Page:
Los Angeles and New York openings: 12 August 1988
Production Date:
October--December 1987
Copyright Claimants:
Universal City Studios, Inc. Cineplex Odeon Films Canada, Inc.
Copyright Dates:
24 July 1989 24 July 1989
Copyright Numbers:
PA423043 PA423043
Physical Properties:
Sound
Dolby Stereo ® in Selected Theatres
Color
Technicolor®
Lenses/Prints
Cameras, lenses and lighting equipment by Arri, Munich
Duration(in mins):
163
MPAA Rating:
R
Countries:
Canada, United States
Language:
English
PCA No:
29344
Passed by NBR:
No
SYNOPSIS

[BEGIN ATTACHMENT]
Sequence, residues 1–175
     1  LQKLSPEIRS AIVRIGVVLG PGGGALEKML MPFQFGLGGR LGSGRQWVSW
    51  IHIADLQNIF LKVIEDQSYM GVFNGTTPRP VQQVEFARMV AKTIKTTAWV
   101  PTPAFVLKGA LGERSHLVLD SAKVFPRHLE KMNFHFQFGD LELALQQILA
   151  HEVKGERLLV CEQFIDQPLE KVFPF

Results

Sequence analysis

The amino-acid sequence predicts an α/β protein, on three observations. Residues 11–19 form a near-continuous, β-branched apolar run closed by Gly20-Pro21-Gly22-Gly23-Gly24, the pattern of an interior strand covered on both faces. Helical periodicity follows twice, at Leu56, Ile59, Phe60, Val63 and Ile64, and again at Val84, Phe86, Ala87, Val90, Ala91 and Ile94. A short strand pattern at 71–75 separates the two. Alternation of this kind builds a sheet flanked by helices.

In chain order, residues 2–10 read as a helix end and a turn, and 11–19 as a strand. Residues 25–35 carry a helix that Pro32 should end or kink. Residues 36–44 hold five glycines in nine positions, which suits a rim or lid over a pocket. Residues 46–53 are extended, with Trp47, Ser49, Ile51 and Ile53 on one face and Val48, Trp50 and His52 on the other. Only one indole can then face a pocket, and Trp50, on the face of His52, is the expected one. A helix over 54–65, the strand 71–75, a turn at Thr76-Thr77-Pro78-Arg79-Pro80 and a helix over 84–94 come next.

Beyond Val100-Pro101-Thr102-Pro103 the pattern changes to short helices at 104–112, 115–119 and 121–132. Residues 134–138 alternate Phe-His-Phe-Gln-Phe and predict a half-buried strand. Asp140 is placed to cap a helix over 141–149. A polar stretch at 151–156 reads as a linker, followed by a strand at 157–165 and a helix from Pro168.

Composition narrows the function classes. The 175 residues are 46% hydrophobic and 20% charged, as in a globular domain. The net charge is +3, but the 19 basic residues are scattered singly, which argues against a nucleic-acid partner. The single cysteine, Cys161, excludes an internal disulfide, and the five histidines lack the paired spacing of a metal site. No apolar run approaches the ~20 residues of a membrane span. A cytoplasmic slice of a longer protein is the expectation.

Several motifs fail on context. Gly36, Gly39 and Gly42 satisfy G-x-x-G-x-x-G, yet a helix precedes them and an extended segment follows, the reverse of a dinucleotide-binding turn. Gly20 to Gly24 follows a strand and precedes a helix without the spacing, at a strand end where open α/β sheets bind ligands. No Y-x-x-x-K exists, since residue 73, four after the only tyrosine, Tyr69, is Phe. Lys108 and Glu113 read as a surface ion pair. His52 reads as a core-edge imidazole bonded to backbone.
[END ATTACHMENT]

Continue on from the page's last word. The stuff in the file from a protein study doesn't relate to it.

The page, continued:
Jesus of Nazareth writhes on the ground in pain, and speaks of a “feeling” that he has been experiencing, and voices that have been speaking to him. Though Jesus has tried fasting and whipping himself, the pain and voices persist. At his home, Jesus, a carpenter, works on a cross, commissioned by the Romans for a public crucifixion. Judas bursts into Jesus' shop and chastises him, shouting, “You're a Jew killing Jews!" Jesus insists that he is struggling, but he is not sure with whom. Judas responds, “I struggle. You collaborate.” Angry, Judas leaves the shop and attacks several Roman soldiers. Later, Jesus carries the finished cross to the crucifixion of a criminal. His mother, Mary, follows, pleading with upset citizens who throw stones at her son. Mary Magdalene, a prostitute, spits on him. Jesus arrives at the crucifixion site and helps restrain the condemned man. At night, Jesus writhes in pain again, his mother at his side. She later confronts her son about his pain, asking whether God or Satan is the cause. Jesus cannot answer. While walking along the rocky shore of a river, Jesus endures another attack of pain, and repeats the name “Magdalene.” In town, Jesus senses "one of God's angels" and follows a man into Mary Magdalene's brothel. He waits until all clients have left the establishment, and asks Mary Magdalene for forgiveness. Indignant, she offers Jesus her body instead, but he refuses it. Mary Magdalene admits to feeling tenderness towards Jesus since childhood, and that he is all she ever wanted. Later, Jesus wanders and comes across a remote village. An elderly man recognizes him and invites him into his hut for ... +